Project: GenGP

November 25, 2018

GenGP is a project funded by ANR (the French National Agency for Research). We are investigating numerical methods for Gaussian Processes, with applications to Determinantal Point Processes.

Gaussian processes

Gaussian processes GPs are a convenient way of defining priors over unknown functions: in an inference problem, they allow you to state that a function is smooth, without assuming a specific form (in other words, they allow non-parametric inference in a Bayesian setting).

The figure below shows samples from a GP, interpreted as a prior distribution: we have a an unknown function \(f(x)\) and all we wish to state is that \(f\) is smooth. The next panel shows a posterior distribution: we have a few noisy measurements of \(f\) (\(y_1 \ldots y_n\), and the black lines are samples from the posterior distribution, \(p(f|y_1 \ldots y_n)\). The beauty of GPs is that the posterior distribution is again a GP, but one constrained to lie close to the measured values.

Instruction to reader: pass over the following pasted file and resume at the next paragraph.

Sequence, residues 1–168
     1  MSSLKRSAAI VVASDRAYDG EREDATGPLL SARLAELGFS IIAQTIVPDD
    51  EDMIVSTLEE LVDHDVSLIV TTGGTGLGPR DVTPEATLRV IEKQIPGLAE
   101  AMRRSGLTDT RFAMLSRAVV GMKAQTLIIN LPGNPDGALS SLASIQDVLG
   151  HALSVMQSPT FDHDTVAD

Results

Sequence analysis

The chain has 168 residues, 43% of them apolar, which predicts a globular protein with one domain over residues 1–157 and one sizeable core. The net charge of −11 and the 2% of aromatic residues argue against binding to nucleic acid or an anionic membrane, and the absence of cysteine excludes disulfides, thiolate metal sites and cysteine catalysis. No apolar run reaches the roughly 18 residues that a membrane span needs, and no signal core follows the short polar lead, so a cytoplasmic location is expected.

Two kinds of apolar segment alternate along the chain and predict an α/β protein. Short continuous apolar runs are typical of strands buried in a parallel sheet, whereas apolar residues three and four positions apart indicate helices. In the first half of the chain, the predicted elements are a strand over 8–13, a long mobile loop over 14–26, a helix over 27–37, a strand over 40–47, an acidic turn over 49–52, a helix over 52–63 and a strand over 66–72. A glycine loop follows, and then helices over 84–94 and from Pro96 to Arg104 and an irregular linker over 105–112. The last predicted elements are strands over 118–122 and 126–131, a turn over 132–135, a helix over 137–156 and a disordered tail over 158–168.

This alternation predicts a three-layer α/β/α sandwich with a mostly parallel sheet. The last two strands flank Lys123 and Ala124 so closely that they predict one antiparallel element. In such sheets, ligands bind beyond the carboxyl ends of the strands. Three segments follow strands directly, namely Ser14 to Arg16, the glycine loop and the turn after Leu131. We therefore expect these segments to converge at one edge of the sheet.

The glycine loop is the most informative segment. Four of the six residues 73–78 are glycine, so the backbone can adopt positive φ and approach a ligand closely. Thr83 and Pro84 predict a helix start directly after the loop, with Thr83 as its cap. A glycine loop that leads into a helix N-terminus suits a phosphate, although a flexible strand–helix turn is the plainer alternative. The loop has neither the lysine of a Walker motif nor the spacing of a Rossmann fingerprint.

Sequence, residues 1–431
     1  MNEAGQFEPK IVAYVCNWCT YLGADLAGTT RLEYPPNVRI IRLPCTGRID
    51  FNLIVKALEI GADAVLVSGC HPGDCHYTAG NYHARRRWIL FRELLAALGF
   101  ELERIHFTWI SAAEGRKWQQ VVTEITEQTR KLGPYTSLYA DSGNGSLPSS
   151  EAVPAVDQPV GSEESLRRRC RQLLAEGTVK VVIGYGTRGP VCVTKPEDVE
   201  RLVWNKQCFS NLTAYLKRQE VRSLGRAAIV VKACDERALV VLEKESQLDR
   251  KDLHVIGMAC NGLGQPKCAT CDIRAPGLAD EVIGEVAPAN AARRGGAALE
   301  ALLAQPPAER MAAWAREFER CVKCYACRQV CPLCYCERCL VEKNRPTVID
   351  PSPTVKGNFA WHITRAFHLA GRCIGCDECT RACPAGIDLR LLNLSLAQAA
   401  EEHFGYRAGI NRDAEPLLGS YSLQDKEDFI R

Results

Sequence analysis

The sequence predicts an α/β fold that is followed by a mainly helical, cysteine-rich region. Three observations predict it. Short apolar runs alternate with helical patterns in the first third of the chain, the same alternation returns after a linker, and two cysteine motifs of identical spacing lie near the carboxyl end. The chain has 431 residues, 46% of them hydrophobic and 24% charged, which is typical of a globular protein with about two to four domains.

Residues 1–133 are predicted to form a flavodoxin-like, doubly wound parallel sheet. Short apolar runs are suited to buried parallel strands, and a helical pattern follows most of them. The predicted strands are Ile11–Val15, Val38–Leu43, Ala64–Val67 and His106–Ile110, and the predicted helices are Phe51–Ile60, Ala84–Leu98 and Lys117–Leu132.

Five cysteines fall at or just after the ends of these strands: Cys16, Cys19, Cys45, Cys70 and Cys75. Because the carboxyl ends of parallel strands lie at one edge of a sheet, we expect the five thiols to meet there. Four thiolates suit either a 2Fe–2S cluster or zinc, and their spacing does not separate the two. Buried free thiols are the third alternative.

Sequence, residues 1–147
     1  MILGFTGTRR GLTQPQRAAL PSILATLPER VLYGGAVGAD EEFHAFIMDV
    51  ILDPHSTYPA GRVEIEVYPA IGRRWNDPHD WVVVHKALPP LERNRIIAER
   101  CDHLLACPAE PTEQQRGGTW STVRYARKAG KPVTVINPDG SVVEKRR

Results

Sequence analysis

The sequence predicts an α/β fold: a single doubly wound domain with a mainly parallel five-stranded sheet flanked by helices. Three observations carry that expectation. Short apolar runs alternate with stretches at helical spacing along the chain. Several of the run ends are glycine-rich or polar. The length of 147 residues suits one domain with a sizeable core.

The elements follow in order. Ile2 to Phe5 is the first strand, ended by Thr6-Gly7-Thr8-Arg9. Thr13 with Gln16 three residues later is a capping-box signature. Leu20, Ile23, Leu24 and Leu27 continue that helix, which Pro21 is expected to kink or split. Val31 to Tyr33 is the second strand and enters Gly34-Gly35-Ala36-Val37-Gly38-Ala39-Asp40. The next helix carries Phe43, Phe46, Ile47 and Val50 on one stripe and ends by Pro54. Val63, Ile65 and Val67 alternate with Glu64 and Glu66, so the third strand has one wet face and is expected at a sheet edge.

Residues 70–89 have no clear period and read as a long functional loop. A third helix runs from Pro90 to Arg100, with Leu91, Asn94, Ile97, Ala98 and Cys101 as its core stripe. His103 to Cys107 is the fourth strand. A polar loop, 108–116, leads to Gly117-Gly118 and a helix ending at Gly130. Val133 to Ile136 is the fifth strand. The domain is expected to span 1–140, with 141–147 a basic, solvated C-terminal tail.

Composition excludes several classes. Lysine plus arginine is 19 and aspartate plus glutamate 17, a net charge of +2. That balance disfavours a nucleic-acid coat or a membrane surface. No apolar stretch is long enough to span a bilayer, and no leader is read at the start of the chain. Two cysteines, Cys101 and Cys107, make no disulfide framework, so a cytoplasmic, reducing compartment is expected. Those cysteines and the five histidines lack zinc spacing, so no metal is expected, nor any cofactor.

For more on GPs see the wonderful book by Rasmussen & Williams, Gaussian Processes for Machine Learning.


GPs are notorious for scaling badly when the number of observations increases, with a cost in \(\mathcal{O}(n^{3})\). There are dozens of approximations attempting to reduce cost, and one of the most successful is based on a sparse approximation of the inverse covariance matrix (that’s the method implemented in INLA, and described in Lindgren et al. 2011). The theoretical underpinnings are somewhat complicated and rely crucially on seeing the GP as the solution of a stochastic Partial Differential Equations.

Unfortunately, this limits the applicability of the method to low-dimensional manifolds, but GPs are much more generic: as soon as you can define a covariance function over a space, you can define a GP over a space. Thus, one can have GPs over spaces of graphs, of strings, etc.

The goal of the GenGP project is to generalise the sparse-inverse approach to GPs.


So far we have worked a lot on Determinantal Point Processes, which are very tightly connected to GPs.